Why Do We Profess Our Faith?


Last week I attended the Rethinking Confirmation conference at Luther Seminary. I had the opportunity to hear how people very similar to and different from myself are raising up young people in faith. Following this experience, I have some stories to share and some questions to ask.

I will continue to post about what I learned at the conference but I want to start with some fundamental questions: What is profession of faith and why do we do it?

The practice of profession of faith emerges from a complicated history laced with confusion and mediocre compromises. As a result of such a complicated history, we often find muddled and conflicting approaches to profession of faith within our denomination and our congregations.

Three of the keynote speakers presented their purposes for confirmation. These simple statements guide every aspect of their programs and reflect both their theology and their context.

Lisa Kimball (Episcopal)
Confirmation Is:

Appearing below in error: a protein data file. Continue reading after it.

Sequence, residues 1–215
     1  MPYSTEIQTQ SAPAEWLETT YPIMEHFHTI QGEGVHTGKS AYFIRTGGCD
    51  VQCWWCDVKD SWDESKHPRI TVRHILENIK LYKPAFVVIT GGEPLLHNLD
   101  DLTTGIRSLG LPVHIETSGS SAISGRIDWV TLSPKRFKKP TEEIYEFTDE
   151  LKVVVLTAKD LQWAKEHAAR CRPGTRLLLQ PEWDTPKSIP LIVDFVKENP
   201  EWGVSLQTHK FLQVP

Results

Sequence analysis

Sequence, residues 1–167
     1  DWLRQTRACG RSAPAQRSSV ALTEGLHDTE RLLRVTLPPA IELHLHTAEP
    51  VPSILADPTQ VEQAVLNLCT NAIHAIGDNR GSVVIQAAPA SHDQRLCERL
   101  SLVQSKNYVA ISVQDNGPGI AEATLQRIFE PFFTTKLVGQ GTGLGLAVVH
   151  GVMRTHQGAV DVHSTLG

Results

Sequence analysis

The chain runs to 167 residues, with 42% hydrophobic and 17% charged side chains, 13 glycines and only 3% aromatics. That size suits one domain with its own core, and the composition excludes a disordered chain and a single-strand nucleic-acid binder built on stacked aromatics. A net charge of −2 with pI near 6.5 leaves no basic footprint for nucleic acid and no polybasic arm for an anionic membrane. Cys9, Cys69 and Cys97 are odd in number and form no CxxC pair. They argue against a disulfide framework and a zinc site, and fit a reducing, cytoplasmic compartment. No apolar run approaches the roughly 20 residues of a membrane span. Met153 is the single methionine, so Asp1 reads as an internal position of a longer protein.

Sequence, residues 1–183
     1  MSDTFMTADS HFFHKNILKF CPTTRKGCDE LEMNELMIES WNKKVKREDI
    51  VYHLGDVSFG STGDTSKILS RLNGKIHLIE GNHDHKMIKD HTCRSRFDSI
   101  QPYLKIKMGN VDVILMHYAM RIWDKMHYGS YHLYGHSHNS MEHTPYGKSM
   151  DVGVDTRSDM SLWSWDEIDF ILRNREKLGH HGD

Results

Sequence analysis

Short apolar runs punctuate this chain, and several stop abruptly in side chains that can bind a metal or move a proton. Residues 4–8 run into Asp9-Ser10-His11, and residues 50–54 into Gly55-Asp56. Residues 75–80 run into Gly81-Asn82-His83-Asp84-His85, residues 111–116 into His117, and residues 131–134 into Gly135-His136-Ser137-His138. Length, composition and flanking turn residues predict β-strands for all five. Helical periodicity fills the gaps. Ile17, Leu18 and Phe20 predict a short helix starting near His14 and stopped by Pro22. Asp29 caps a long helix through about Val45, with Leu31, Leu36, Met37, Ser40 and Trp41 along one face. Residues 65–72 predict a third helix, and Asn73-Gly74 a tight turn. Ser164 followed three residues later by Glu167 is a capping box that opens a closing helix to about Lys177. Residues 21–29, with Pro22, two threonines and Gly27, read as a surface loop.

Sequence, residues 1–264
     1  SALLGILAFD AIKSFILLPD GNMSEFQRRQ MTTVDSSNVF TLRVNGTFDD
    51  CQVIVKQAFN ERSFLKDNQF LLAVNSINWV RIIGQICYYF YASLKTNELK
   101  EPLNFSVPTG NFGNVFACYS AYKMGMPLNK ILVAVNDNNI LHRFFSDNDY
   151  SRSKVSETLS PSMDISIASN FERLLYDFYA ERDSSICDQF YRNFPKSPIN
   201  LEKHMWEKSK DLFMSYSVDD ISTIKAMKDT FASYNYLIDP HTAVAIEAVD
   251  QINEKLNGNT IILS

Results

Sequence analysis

• Renouncing
  • Committing
  • Response of the community

Ralph Williamson (AME)

  • Tethers (in faith)
  • Orients (the way to go)
  • Fulfills (our command to train up our youth)

Teri Chalker (United Methodist)
Confirmation is guided by Jeremiah 29:11

“For I know the plans I have for you, declares the Lord, plans to prosper you and not to harm you, plans to give you hope and a future.”

I was left wondering how we might summarize and guide our own programs. After three days of consideration, I am closer to an answer but mostly I am eager to discuss the fundamental principles of profession of faith.    

At the denominational level:

  • What principles guide our theology?
  • What lies at the core of this process?

And in your church:

  • How does your church communicate the purpose of profession of faith?
  • How can we present profession of faith as a valuable milestone of lifelong faith formation?
  • How can we embrace tradition while not settling for “the way we’ve always done it?”

I will continue to post stories and questions from the conference. In the mean time, I encourage you to discuss these questions with your church and your community.

See: A concise history of Profession of Faith as described by the Confirmation Project

Note: This Lutheran conference was about “confirmation and equivalent practices” and so I will refer to profession of faith, our denomination’s name for this practice, as well as confirmation.

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One of the old time hymns of David has a line about going to the Temple to fulfill our vows. To me, it is a very important concept of faith formation. I get a good "gut feeling" when in a church even when the sanctuary is empty.